13 Sea Surface Temperature Anomalies (SSTA) Images constructed by measuring difference between “observed” and “expected” values – anomalies Better approach to recognizing “what is unusual,” not just “what is” Especially useful for El Nino/La Nina studies—example: http://orbit- http://orbit-

14 SSTA images

15 Ocean Color – Biological Productivity Sea-viewing Wide Field-of-View Sensor (SeaWIFS) and MODIS have measured chlorophyll in phytoplankton to enable useful inferences about productivity

16 SeaWIFS has allowed us to monitor the links between physical and chemical conditions and marine biology Short-term spatial and temporal variabilities Biological response to climate changes

17 Sea Surface Topography Variations in sea surface heights caused by gravity variations (sea floor topography and geology) Also seasonal changes in atmospheric and ocean circulation patterns Radar altimeters aboard TOPEX/Poseidon and Jason satellites AMS “Measuring Sea Level from Space”

18 TOPEX-Poseidon is… a partnership between the U.S. and France to monitor global ocean circulation, discover the tie between the oceans and atmosphere, and improve global climate predictions. Every 10 days, the TOPEX/Poseidon satellite measures global sea level with unparalleled accuracy.

19 TOPEX has been especially useful in understanding… Variations in sea surface temperatures. This has been the most important instrument for observing El Nino/ La Nina changes in the Pacific Ocean, and all the effects on climate

20 Jason 1 is a follow-on mission to TOPEX- Poseidon Monitors global ocean circulation, studies ties between the oceans and atmosphere, improves global climate forecasts and predictions, and monitors events such as El Niño conditions and ocean eddies.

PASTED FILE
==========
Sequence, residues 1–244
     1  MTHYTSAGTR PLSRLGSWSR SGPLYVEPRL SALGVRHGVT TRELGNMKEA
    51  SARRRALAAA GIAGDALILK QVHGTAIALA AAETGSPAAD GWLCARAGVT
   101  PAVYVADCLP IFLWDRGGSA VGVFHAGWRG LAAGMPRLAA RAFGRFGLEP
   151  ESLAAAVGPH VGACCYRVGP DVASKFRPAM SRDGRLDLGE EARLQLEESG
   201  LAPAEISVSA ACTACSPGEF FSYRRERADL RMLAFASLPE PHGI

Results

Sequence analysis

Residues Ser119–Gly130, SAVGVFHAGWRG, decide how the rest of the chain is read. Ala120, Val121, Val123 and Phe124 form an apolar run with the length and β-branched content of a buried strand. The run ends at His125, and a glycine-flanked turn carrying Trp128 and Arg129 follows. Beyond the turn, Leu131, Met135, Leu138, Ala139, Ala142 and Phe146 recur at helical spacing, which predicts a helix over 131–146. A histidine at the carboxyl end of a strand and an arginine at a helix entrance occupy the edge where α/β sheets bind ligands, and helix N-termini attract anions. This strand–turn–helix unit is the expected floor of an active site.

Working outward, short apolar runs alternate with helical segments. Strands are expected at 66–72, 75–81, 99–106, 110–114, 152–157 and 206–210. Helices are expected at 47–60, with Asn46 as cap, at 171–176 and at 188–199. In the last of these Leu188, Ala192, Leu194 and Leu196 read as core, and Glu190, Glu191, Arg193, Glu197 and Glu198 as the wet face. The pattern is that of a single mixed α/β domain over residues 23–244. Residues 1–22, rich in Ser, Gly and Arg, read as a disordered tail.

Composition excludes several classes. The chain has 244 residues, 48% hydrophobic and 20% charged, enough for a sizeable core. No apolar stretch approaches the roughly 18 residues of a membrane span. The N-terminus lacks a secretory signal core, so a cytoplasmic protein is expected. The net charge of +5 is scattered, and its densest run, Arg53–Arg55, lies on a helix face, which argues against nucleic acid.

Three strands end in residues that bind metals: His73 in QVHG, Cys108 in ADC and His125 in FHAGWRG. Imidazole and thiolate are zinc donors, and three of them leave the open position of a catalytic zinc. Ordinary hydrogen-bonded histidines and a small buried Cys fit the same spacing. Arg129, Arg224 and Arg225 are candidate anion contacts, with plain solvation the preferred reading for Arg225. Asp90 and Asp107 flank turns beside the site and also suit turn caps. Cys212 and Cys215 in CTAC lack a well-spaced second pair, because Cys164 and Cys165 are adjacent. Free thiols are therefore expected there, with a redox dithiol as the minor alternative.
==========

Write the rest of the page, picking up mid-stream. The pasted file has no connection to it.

21 Sea Ice Extent Areal extent, amount, and thickness important for oceanographers and operationally Visible images not feasible during winter POES microwave sensors provide operational ice analyses The next slide shows an example of sea ice cover in the Northern Hemisphere


23 Precipitation Patterns Preponderance of precipitation falls in tropical regions Previously difficult to measure because few observation stations TRMM (Tropical Rainfall Measuring Mission) began as experimental, now operational

24 TRMM Precipitation Patterns This shows average rainfall in the Tropics last month. Monthly records go back to 1998.

25 Precipitation Anomaly Patterns Anomaly images show regions of that are unusually higher or lower than normal.

26 Hurricane and Lightning Images TRMM images have permitted amazing new views of storms and related weather in the Tropics.

27 Activities Based on TRMM Data Institute for Global Environmental Studies (IGES) Classroom-oriented activities based on TRMM concerning ENERGY, CLOUDS, WIND, PRECIPITATION, AND WEATHER

28 Canadian Satellite Imagery Meteorological Service of Canada (Service météorologique du Canada) provides many satellite images at These utilize NOAA GOES and POES images.


30 Canadian Sea Ice Imagery Ice conditions monitored by satellite and ships are available at http://ice- http://ice-

31 Examples of Teacher-Training and Classroom-Ready Activities AMS “Measuring Sea Level from Space” DataStreme Ocean investigations – modified from the Fall 2003 pilot testing

32 This slide show is available in the “Resources” Section of “Earth2Class”